by Twiggy Dawn
There is nothing quite like growing your own herbal medicine, harvesting your own medicine and preparing your own medicine. There is nothing quite like the experience of being connected from the seed, all the way through the plant’s life. There is certainly nothing quite like using that medicine for your own health, your family’s health, and the health of your community. There is a certain sense of connection to your local ecology, a deep satisfaction and sense of place and purpose.
Being able to taste, touch, smell and just be with the herbs can be a very potent experience, though not all of us are able to have an herb garden, or wild-harvest our medicine. Many of us are too busy with work, children, or other responsibilities. Many of us lack the confidence, believing perhaps that we are a “brown thumb” or feeling unsure about correctly identifying plants. Many of us don’t even know where to start!
I believe that practitioners who dispense herbs should all have a direct connection to the plants that they dispense, they should be able to identify the plants, know what the fresh plant smells and tastes like, and to know what it feels like to sit in the presence of those plants. Unfortunately, the universities who train Herbalists and Naturopaths in Australia do not have herb gardens to teach their students how to work directly with the plants, nor do they teach foraging. It is up to the student to learn this for themselves and sometimes it can be hard to find teachers and mentors within certain communities.
I believe that non-practitioners should also have an ability to correctly identify medicinal plants: how wonderful would it be if the average everyday person knew how to staunch bleeding with a plant, know what plants to chew up and stick on a wound or a bite or sting? How wonderful would it be if everyone felt confident to use the plants around them to give to their children when they have a cold/flu or a tummy bug? Even dogs know to go outside and eat grass if they are needing to purge something out of their digestive system!
Imagine a world for a moment, where children are taught in school how to identify medicinal plants correctly, are taught how to grow, harvest, forage and make their own medicine. Imagine how much pressure that would take off the medical system and the pharmaceutical companies. Imagine how empowered those people would feel to have a connection to the medicine that is growing all around them and for them to have the ability to treat their own family members. Imagine if it were popular for us all to become herbily self-sufficient, and able to attend to our own minor injuries and upsets, only needing to approach practitioners for more serious concerns.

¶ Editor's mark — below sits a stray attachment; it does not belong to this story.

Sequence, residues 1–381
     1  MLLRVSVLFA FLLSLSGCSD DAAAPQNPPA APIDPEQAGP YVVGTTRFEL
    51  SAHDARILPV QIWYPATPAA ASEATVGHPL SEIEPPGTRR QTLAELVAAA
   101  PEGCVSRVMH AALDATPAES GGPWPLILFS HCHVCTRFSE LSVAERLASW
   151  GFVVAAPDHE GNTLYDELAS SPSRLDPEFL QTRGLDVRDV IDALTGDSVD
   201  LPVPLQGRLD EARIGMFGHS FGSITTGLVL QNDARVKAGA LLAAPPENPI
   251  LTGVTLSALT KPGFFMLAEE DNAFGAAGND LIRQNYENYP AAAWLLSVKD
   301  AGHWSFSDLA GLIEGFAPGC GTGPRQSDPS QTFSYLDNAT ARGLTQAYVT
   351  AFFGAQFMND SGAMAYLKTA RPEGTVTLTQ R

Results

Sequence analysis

This all must start somewhere and sometimes it is the small steps that are the most profound and have the most impact. If you are reading this and feeling that you would like to learn more about growing, harvesting/wild harvesting and making your own medicine, then here are some simple and practical ideas.
Find your local community garden and start getting involved. Even community gardens with a food focus still generally grow medicinal plants. Community gardens are a great way to learn from others and share knowledge; to learn what grows well in your environment, and to gain access to seed banks and local plants. Community Gardens provide a solution for those unable to have a garden at home.
Look up “weed walks” or “plant foraging walks” in your local area to find out more about the plants growing wild in your local ecology.
Look for local grassroots, herbal educators- if you cannot find any in person there are some great courses and classes online which are about creating your own herb garden (look up Green Heart Herbals).
Find local Facebook groups discussing these topics. Type in the name of your local area then keywords such as “herbalism” “plant foraging walks” etc.
Go to your local plant nurseries and ask them what medicinal herbs they have- even the common culinary herbs are all medicinal.
If you do already have a garden, consider introducing one medicinal plant at a time. Really get to know that plant before introducing the next one- research it on the internet and in books.
If you do not have any local nurseries stocking medicinal plants then there are plenty to be found online through mail-order.
‘The biggest journeys begin with a single step!’ Who knows where the path may lead you? Most certainly it will at least lead you to a place where you feel more connected to yourself, the earth, and the plants. It will lead you to a place where you feel more empowered in your own health and able to prevent and treat minor issues before they become major ones. It could even lead you to making new friends- some human friends and some plant friends!